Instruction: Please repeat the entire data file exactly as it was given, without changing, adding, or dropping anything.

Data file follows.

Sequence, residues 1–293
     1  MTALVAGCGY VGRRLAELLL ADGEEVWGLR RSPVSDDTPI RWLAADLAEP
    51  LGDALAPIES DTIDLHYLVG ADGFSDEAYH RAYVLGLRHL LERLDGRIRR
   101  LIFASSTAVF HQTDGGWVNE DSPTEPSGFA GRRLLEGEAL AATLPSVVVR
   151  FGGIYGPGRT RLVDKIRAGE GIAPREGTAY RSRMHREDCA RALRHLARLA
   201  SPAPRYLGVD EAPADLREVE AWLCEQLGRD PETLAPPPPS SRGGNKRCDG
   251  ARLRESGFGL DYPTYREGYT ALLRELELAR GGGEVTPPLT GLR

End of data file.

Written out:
Sequence, residues 1–293
     1  MTALVAGCGY VGRRLAELLL ADGEEVWGLR RSPVSDDTPI RWLAADLAEP
    51  LGDALAPIES DTIDLHYLVG ADGFSDEAYH RAYVLGLRHL LERLDGRIRR
   101  LIFASSTAVF HQTDGGWVNE DSPTEPSGFA GRRLLEGEAL AATLPSVVVR
   151  FGGIYGPGRT RLVDKIRAGE GIAPREGTAY RSRMHREDCA RALRHLARLA
   201  SPAPRYLGVD EAPADLREVE AWLCEQLGRD PETLAPPPPS SRGGNKRCDG
   251  ARLRESGFGL DYPTYREGYT ALLRELELAR GGGEVTPPLT GLR